Once upon a time, the Links Group Courses were not bad golf facilities. In fact, there is nothing wrong with the layouts, per se, to this day. Indigo Creek was nominated by Golf Digest as one of the best new courses in 1991. The recently opened International Club in Murrells Inlet is an excellent track, lest it fall apart in the years to come.
But years of stretching maintenance resources an d service that could peel the paint off a 1957 Chevy had a number of Links Group managed courses in disarray before the company finally hit rock bottom back in January.
"It got to the point where we were alerting golfers to stay away from those courses, even if they charged much less than other courses," says one frequent visitor to a Myrtle Beach golf based message board website.
So how in the world does the Links Group plan to lure golfers back into its web of shoddy courses? According to Folkes, the problem isn't the Links Group, it's the glut of 117 courses that call the Grand Strand home and the stagnating number of annual rounds played that is bringing every course to its knees.
Problem is, not everyone is buying it.
"Gloom and doom is a perception and a self fulfilling prophecy," says Marty Ekster, President of Golf Vacations of the Carolinas. "I will give you five courses under different management that are not only doing fine, they are way ahead of the curve. Ocean Ridge Plantation up in Brunswick County has three great courses for the money, and they do an incredible job of running them. Where is the gloom and doom in that?"
And the notion that expansion will solve the company's problems? Not everyone is buying that either.
"American Golf handles more golf courses than anyone in the U.S. and their economies of scale didn't work, so what kind of logic does Links Group have that they can make it work?" asks Wizeman. "Their business plan has never worked, no matter who has owned the company, so I will give them between 12 and 18 months before it's all over."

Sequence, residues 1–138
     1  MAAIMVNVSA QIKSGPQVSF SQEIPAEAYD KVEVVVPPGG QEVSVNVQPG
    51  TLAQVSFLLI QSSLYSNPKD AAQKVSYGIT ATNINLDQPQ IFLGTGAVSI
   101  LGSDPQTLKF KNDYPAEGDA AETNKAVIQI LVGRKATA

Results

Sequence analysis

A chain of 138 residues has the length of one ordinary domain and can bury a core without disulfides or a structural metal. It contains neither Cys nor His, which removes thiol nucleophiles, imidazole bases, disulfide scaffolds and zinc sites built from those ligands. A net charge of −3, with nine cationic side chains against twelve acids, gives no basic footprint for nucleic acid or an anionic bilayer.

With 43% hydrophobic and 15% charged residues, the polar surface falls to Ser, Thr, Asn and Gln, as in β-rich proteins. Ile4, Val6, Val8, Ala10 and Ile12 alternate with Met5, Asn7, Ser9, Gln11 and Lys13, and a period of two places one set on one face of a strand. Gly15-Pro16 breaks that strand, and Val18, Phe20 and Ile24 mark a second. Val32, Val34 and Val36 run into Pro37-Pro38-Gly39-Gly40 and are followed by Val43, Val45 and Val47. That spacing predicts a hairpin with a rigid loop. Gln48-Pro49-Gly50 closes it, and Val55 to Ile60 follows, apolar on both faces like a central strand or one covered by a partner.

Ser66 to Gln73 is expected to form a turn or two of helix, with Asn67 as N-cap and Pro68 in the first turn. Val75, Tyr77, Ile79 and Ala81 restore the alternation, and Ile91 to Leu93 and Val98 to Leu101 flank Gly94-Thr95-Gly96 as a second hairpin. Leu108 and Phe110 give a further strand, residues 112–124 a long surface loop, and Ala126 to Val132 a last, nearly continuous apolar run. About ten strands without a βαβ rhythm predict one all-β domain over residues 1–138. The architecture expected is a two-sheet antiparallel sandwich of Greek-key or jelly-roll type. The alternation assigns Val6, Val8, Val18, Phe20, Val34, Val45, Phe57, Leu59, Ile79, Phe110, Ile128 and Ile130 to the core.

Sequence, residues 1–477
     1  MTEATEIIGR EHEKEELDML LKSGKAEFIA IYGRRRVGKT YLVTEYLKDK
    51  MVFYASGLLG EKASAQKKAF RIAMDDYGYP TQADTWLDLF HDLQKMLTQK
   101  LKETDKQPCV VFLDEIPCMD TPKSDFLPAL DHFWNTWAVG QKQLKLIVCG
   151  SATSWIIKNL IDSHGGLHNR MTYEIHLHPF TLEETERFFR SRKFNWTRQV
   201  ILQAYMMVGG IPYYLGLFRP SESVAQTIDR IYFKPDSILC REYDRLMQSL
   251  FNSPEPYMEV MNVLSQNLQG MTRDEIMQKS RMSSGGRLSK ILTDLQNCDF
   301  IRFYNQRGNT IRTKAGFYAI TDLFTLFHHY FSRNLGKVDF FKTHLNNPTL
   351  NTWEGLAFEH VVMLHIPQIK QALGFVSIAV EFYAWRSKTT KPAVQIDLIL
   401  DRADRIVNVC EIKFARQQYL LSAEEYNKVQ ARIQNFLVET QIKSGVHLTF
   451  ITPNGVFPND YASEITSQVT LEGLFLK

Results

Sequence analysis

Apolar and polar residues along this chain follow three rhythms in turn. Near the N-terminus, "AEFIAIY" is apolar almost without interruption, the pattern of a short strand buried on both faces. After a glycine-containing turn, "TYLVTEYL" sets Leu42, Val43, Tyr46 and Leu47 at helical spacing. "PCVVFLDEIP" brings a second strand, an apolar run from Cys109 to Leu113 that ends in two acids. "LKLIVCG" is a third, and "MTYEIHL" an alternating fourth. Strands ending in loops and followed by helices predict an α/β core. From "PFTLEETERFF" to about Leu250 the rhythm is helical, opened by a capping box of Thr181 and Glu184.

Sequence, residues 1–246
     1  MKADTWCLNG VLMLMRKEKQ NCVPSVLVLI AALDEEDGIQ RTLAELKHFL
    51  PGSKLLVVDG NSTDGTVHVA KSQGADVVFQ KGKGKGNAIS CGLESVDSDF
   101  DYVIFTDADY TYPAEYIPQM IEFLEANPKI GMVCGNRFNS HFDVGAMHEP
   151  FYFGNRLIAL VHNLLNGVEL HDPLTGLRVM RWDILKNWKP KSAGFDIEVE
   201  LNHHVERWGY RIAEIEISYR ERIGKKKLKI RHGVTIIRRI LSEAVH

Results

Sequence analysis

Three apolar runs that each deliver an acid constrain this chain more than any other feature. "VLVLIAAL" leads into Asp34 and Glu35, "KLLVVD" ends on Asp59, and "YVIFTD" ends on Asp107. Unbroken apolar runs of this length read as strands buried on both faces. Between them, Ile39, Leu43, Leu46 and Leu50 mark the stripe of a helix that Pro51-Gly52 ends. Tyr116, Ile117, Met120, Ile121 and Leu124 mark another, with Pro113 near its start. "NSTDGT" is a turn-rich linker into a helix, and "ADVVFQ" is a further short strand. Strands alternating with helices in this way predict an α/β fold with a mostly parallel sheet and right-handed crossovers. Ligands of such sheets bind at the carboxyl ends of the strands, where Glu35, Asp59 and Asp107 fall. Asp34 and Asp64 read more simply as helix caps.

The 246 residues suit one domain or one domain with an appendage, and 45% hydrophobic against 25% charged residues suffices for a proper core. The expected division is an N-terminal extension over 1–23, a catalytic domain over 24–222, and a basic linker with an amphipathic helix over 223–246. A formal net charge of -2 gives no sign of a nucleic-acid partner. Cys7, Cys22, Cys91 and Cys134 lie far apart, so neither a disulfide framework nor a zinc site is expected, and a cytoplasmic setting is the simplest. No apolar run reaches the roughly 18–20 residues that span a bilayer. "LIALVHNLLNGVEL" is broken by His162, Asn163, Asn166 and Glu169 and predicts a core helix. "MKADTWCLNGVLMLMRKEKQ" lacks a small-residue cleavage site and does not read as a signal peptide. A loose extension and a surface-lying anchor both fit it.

How is it then, that Folks was able to convince W.J. McLamb and his daughter, owners of Farmstead and the Meadowlands, that Links Group was the best management firm for the job?
"That owner has all but given up," a source close to MyrtlebeachGolf.com says. "She just wanted to get out of the operations business, whatever it took."
Wizeman agrees, adding that desperate times have led to desperation.
"Things are so bad around here they want to believe that Links can run the courses for them," he says. "Golf is so bad here that they are willing to listen to anyone who says that they can help them."
Folkes unabashedly says that the Links Group is looking to add more Grand Strand courses to its management docket. He is in negotiations with American Golf over taking over the leases at River Oaks and Carolina Shores.
The Links Group may be the largest golf course management firm in Myrtle Beach, but its not the only one. And despite the "haunting specter" of reduced rounds, some of the smaller operations seem to be doing quite fine.
The last thing the Grand Strand can afford right now, as a collective golfing destination, are more poorly managed golf course facilities. Let's hope for the overall good of Myrtle Beach and its environs that the Links Group can finally put its money where its mouth is.
The International Club